1 Min Read

First of all, Paul says that if a man desires that office, he desires a noble work (1 Tim. 3:1). But the test in 1 Timothy 3 is necessary: Is he qualified? The church lays those qualifications down and affirms, and then the elders lay hands on that individual.

It starts with a desire of the heart. If your heart desires to be pastor, it’s confirmed by the leadership of the church that you have the character qualifications and the skill to teach, and there is fruitfulness when you do teach, then that’s the direction you go.

We don’t have time to talk about the whole issue, but there is an entrepreneurial pastoral trend going on now where someone decides he wants to be a pastor, so he goes, gets a storefront, turns it into a church, ordains himself, and makes himself the pastor. That is alien to anything Scriptural.

You need to be careful. Not many should become teachers, as James says, because theirs is a greater condemnation (James 3:1). You don’t want the condemnation that comes with a failure. You’d better be sure you have the gifts and the purity of heart to get into pastoral ministry. This freewheeling approach where people are basically autocratic rather than the product of careful, prayerful evaluation by mature, godly elders placing them into ministry has created massive problems in the church.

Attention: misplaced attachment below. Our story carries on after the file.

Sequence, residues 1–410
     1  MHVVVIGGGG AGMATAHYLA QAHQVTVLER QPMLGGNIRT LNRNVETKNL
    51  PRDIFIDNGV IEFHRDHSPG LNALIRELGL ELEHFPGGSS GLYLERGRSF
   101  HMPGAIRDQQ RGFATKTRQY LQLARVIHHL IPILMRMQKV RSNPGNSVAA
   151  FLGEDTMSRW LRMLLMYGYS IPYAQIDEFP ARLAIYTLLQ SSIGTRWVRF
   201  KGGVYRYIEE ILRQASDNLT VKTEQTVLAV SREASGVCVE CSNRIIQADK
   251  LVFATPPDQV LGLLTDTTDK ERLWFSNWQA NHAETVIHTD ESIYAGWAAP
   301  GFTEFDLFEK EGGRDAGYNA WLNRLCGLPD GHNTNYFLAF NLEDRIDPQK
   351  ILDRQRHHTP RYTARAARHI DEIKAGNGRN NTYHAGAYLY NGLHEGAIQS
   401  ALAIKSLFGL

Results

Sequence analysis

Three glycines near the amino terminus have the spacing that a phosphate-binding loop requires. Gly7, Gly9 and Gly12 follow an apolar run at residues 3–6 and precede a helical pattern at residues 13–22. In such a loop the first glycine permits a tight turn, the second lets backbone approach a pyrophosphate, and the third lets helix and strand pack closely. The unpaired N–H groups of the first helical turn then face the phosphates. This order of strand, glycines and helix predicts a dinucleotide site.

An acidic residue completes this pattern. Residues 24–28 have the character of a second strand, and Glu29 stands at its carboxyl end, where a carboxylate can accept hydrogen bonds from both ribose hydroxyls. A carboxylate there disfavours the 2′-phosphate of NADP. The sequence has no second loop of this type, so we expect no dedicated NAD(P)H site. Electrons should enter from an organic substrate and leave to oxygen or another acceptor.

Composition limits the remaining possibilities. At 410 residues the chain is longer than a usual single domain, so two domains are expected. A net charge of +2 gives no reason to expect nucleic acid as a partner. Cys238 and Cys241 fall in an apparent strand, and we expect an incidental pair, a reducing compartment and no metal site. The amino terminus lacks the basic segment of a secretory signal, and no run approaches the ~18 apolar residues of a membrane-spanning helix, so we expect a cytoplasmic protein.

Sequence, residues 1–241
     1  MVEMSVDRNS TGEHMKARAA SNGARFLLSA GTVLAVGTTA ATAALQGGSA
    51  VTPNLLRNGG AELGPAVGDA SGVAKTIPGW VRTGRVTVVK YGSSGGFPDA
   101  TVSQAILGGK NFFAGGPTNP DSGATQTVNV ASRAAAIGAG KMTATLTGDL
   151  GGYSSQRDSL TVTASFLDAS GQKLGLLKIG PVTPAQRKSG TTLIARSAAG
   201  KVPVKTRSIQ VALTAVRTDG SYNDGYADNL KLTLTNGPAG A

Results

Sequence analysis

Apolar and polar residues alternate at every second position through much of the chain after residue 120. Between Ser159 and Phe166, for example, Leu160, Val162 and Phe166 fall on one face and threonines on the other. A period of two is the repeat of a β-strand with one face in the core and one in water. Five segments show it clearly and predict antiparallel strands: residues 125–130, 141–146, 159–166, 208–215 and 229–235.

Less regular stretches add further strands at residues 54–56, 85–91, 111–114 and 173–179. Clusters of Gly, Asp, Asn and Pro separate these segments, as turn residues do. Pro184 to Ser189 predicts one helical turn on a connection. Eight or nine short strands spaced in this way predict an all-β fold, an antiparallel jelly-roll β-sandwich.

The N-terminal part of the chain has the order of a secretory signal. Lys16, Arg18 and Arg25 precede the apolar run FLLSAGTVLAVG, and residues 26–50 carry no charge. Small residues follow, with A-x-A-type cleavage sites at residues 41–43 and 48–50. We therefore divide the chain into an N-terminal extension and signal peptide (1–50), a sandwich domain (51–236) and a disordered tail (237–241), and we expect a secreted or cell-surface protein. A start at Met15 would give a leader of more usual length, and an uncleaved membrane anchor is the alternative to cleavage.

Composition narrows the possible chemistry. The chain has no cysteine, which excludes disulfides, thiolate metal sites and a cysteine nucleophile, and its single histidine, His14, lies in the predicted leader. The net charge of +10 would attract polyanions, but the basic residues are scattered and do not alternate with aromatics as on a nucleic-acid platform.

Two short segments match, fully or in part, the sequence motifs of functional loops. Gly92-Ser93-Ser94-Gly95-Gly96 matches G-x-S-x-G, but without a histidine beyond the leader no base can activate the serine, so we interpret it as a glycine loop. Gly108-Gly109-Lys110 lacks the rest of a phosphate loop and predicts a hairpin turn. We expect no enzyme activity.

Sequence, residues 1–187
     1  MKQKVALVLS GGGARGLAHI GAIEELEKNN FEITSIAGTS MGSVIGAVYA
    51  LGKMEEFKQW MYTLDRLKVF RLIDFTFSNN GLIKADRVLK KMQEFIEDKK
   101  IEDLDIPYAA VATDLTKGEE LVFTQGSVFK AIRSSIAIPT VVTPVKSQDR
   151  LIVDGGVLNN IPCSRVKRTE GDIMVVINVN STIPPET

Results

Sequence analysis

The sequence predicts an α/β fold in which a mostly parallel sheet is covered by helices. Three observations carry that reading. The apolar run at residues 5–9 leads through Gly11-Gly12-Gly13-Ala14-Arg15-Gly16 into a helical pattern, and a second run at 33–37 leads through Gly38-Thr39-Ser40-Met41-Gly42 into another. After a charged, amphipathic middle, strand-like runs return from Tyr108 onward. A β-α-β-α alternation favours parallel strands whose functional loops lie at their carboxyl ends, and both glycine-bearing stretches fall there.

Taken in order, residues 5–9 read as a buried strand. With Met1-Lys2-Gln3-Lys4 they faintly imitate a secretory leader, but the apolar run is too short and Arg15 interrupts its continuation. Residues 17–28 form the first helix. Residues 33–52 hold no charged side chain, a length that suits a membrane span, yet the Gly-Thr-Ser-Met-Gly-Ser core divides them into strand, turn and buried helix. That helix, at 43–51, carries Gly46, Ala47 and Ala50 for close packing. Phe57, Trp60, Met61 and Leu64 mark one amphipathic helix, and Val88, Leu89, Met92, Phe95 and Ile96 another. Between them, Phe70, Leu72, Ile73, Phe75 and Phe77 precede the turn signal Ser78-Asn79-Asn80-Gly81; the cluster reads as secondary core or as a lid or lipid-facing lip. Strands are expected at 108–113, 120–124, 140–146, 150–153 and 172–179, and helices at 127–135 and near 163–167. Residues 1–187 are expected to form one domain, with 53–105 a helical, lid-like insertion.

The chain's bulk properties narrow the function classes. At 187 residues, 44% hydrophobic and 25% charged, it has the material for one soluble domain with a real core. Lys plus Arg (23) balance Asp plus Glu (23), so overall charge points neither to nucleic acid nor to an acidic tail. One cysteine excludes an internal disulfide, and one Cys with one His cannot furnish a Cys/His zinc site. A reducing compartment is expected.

If you think pastoral ministry is something you want to do, get into a church where you can be mentored by the leadership and pastors of that church. As you grow and develop the skills—and they affirm those skills—then you’ll know.

At the end of the day, I would say this: if you can do something else, do it. If you can do something else, there will be many days when you wish you could. This is something for people who can’t do anything else.

This transcript is from a live Ask Ligonier event with John MacArthur and has been lightly edited for readability. To ask Ligonier a biblical or theological question, email ask@ligonier.org or message us on Facebook or Twitter.